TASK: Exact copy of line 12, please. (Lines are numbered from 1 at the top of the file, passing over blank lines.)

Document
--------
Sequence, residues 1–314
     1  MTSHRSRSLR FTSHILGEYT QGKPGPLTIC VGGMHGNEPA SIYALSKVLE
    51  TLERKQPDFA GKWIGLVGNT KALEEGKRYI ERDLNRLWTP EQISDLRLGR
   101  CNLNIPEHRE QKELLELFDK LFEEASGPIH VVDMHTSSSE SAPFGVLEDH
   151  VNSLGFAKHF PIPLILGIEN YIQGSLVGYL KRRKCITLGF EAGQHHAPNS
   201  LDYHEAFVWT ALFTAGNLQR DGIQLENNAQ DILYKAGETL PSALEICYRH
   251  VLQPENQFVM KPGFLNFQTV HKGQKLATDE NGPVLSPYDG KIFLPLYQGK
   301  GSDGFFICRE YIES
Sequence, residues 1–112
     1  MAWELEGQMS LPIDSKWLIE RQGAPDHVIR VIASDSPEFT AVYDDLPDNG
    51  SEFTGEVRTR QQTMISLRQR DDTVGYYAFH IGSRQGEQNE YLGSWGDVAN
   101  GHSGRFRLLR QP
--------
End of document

   101  GHSGRFRLLR QP